The industrial look that is common among these means we have to be flexible in the way we interact and design our offices, and with this comes lighting. Certain types of LED lighting are the perfect solution to the demand for adaptability for today’s offices, especially spaces with high ceilings.

Office lighting has to fulfil a variety of requirements; the model of the lighting functions enables designers to flexibly respond to a high diversity of architectural situations and work methods within an increasingly dynamic world of work.

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At the start of each lighting project designers must consider three questions for each functional area. The first question is why do we illuminate, which architectural or functional significance does the room have as this will affect how the designer uses the LED lighting in the room. The second question that pops up is what can the light achieve, which office tasks will be supported via lighting to optimise the use of the room? And lastly, what is the ideal lighting solution, which individual lighting strategy and methods of lighting are suitable as the basis for lighting design?

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As an office worker myself, and I’m sure I speak for many, I wish more designers considered these questions before finalising their project. The capabilities of LED lighting are exceedingly high if used correctly, and you can adapt your working environment to be even more comfortable and productive.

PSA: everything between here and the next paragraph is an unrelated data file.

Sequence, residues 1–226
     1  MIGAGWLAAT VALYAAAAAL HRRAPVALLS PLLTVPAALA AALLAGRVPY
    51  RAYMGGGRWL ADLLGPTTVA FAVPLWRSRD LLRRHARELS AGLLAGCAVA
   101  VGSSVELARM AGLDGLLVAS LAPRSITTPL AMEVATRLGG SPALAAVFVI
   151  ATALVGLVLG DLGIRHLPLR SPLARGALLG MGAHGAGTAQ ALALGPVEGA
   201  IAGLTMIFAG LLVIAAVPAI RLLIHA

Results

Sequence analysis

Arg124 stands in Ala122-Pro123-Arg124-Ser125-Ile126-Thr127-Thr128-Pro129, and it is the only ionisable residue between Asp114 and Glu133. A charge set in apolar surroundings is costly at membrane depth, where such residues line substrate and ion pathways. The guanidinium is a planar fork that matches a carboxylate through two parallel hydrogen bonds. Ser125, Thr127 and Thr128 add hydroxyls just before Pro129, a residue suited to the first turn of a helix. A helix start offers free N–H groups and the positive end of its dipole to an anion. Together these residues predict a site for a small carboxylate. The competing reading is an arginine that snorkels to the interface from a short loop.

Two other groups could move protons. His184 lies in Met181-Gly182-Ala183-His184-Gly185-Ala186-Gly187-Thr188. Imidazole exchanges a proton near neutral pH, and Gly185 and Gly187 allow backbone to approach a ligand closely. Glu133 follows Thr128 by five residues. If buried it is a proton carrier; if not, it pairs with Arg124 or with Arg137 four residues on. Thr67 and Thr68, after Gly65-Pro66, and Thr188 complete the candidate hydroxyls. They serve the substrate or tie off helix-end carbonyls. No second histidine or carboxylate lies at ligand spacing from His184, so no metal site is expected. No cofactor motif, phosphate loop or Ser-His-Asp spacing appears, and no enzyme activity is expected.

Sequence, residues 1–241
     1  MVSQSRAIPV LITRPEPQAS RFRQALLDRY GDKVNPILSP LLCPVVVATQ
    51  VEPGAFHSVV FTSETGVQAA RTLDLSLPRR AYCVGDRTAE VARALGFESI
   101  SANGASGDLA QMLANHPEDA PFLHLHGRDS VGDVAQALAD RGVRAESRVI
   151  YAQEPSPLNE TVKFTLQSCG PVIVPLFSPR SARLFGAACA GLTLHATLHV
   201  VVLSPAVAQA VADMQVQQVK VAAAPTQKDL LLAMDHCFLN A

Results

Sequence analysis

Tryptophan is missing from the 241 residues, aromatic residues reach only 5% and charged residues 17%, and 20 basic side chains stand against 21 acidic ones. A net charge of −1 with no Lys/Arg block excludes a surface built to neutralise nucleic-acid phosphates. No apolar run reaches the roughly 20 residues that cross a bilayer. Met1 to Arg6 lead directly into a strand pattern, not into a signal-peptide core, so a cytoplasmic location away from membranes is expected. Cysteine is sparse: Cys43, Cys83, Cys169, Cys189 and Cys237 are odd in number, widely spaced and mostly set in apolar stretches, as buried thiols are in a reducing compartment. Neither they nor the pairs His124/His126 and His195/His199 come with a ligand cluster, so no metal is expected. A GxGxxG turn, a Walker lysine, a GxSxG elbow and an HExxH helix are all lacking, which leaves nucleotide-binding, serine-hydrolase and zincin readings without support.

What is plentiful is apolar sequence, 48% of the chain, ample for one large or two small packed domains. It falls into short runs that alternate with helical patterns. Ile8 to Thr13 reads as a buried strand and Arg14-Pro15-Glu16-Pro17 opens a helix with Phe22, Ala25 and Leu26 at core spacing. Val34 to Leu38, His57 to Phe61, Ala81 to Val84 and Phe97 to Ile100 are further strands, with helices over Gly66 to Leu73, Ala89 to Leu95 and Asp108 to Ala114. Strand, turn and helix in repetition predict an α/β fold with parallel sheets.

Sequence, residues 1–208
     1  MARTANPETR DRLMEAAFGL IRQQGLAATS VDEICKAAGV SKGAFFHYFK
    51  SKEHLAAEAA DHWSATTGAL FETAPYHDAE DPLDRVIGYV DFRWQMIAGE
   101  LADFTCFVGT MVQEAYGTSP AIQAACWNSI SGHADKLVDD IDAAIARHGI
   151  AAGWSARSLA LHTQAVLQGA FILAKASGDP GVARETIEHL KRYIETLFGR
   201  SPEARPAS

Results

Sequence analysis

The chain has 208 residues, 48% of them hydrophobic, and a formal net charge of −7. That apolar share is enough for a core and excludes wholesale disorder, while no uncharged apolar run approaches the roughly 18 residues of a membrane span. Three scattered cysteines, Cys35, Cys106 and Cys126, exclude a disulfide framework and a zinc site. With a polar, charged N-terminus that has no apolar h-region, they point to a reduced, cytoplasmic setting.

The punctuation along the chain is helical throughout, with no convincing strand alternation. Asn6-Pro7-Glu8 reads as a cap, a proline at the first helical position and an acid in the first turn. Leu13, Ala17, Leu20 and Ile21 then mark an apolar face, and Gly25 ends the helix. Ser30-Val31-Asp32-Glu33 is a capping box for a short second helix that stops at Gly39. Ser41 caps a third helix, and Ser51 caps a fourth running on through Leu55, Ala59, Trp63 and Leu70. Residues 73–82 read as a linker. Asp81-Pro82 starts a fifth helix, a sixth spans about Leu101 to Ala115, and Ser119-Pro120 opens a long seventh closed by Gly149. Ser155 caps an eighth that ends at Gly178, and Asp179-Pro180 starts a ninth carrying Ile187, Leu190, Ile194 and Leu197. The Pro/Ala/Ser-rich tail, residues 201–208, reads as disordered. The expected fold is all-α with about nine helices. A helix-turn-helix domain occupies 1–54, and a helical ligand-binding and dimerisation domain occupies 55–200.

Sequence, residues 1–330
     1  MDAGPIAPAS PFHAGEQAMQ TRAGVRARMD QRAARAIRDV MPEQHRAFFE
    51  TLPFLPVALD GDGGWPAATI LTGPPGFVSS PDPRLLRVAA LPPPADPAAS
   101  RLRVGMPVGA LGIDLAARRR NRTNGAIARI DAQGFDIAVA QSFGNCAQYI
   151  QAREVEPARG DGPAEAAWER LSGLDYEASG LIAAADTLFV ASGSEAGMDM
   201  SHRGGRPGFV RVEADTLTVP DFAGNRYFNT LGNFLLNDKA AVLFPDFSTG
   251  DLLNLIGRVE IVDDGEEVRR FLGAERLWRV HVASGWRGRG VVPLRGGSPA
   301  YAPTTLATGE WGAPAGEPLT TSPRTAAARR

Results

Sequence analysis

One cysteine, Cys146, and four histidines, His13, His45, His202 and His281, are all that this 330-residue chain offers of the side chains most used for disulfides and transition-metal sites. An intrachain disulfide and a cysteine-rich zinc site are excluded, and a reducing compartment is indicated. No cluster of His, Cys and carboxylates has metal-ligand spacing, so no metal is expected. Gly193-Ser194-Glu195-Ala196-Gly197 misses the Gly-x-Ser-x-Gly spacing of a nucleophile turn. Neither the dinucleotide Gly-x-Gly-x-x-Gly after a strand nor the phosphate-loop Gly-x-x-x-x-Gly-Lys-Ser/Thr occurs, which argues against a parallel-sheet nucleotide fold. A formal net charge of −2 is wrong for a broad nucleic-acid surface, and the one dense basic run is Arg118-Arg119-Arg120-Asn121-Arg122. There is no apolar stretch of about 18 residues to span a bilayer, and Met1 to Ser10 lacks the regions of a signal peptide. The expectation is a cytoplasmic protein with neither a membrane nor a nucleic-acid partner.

Numerous members of the International Association of Lighting Designers, (IALD) say that clients, admired by its work, frequently request LED lighting for their projects. Its difficult to say that this fascination was the same around fluorescents. The excitement comes from the sheer amount of LEDs’ benefits, their fun concept combined with their sustainability and energy savings are quite unmatchable.

Ready to take the step into the future of lighting? Contact Cube Lighting & Design here to see if you qualify for free LED lighting!

Want to keep reading? Check out our latest blog post here: How LEDs can treat illnesses and improve our lifestyle